The fact that a charlatan like Donald Trump could be elected to president of the United States is an indictment of the US political system, says Dennis Etler, an American political analyst who has a decades-long interest in international affairs.
Etler, a former professor of Anthropology at Cabrillo College in Aptos, California, said in an interview on Friday that by exacerbating global tensions Trump is accelerating the decline of the American Empire.
Professor Etler made the comments after the author of a new bombshell book about Trump’s first year in office has revealed that “one hundred percent” of those around the US president consider him “moron, idiot.” Michael Wolff’s book ” Fire and Fury: Inside the Trump White House ” went on sale on Friday.
“The rise of Trump to his preeminent position as president of the United States and leader of the so-called ‘Free World’ speaks more to the bankruptcy of US democratic institutions and the disillusionment of the US people rather than any aptitude or ability on his part to perform in that position. If anybody had said a decade ago that Donald J. Trump would be president of the US ten years hence it would have been taken as a bad, sick joke,” Etler said.
“Trump’s rise as a real-estate mogul was based on his close ties to mobsters and his manipulation of the bankruptcy courts, not any business acumen. His fortune was built on parlaying his reputation as a celebrity into a brand that he licensed to those competent to conduct business. There is also rampant speculation that he is not worth nearly as much as he says, since he refuses to reveal his tax returns as all other presidential candidates have done in the past. In other words Trump has been and still is a fraud,” he stated.
“The fact that a buffoon and charlatan like Trump could be elected to any position is an indictment of the US political system. The governance of a modern state, no matter what its ideological stance, should be based on competence. That is no longer the case in the US,” the analyst said.
“It must first be acknowledged however that Trump’s predecessors, both Democratic and Republican, pursued policies little different that those Trump has embraced. In pursuing their imperialist policies both at home and abroad, they showed little restraint, but they understood to some degree that precipitous actions could backfire, which of course did happen in many instances. All of Trump’s immediate predecessors engaged in illegal wars, interfered in the internal affairs of sovereign nations and imposed punitive economic sanctions against countries that refused to submit to US dictates,” he said.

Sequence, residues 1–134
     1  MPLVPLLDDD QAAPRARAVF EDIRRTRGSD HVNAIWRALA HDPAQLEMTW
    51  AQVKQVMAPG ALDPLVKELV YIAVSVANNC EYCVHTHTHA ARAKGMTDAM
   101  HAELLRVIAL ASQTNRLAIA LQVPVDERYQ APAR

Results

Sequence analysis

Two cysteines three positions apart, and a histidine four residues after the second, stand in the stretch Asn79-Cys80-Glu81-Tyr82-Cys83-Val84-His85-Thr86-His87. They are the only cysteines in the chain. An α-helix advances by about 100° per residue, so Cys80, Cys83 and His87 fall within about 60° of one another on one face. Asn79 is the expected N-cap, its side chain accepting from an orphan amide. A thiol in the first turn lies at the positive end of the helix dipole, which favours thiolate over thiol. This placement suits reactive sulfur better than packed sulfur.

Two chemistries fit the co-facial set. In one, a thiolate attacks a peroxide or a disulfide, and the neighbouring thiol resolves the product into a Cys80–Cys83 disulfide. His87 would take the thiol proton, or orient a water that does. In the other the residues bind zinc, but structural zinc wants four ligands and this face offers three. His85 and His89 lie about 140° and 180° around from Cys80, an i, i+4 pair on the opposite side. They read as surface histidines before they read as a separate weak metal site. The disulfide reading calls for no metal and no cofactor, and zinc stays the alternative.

‘Resistance to US aggression mounting’
“Resistance to US aggression and alternatives to Western financial institutions have recently been mounting, especially with the rise of independent centers of military and economic power in Russia and China respectively. Prior to Trump however there was some willingness of the US and its allies to engage in negotiations with its adversaries in order to seek compromises that suited the parties concerned,” the commentator noted.
“The election of a self-centered, egoist with no knowledge or competence in how to govern at home or conduct foreign affairs presents a shift in how the US operates. The danger is that all constraints on policy both foreign and domestic have been loosened to such an extent that prudence has been thrown out the window and precipitous actions that damage global peace and security are now more possible than ever,” he said.
“Under Trump, the US has antagonized both friend and foe alike. As a result it has become more and more isolated on the world stage,” he said.
“Reckless actions by the US have escalated tensions in the Middle East, East Asia, and elsewhere, throwing the world into turmoil. By exacerbating global tensions Trump may feel that he is putting ‘America First’ but in reality he is accelerating its decline. The decline of the US as a global hegemon will be, in the long-term, all for the good, but in the short term US policies are a clear and present danger to the world’s peace and security,” Professor Etler concluded.